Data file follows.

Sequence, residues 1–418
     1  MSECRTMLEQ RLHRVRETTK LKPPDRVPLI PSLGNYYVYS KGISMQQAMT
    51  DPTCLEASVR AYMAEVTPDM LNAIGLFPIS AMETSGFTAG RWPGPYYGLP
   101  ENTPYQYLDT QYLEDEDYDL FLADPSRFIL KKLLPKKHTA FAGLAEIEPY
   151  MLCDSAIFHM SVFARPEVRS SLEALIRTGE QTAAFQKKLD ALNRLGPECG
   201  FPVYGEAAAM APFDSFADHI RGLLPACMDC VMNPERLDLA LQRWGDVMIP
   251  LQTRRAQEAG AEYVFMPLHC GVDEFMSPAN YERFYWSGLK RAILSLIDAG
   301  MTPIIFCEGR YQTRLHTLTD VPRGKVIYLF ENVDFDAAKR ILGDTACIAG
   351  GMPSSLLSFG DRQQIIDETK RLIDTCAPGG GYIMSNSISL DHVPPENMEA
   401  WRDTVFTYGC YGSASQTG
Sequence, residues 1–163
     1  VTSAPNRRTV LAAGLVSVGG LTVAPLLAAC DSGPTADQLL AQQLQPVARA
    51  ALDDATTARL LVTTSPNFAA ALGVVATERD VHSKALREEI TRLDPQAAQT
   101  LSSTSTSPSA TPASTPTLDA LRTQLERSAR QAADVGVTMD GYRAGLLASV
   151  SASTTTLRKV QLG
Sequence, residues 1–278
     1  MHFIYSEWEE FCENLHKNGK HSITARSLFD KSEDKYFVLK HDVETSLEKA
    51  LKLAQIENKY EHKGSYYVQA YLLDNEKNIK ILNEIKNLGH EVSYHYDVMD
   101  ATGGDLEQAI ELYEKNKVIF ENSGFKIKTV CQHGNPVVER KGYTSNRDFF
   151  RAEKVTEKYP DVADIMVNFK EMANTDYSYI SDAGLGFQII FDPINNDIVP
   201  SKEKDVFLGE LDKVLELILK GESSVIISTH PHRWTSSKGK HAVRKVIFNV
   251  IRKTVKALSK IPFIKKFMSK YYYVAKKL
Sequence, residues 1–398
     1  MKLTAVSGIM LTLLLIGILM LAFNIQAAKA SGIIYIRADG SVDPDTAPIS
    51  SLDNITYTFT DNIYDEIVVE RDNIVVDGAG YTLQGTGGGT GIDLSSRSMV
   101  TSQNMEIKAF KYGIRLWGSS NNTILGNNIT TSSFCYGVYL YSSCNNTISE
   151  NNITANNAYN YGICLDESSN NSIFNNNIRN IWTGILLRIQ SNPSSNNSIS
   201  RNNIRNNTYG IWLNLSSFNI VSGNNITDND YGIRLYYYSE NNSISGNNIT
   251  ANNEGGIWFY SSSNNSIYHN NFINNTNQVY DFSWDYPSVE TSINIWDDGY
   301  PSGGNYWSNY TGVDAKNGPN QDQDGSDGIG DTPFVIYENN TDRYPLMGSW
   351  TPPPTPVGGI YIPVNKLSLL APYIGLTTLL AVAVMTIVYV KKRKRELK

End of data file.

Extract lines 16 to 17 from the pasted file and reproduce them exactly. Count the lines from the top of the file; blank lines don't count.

Sequence, residues 1–278
     1  MHFIYSEWEE FCENLHKNGK HSITARSLFD KSEDKYFVLK HDVETSLEKA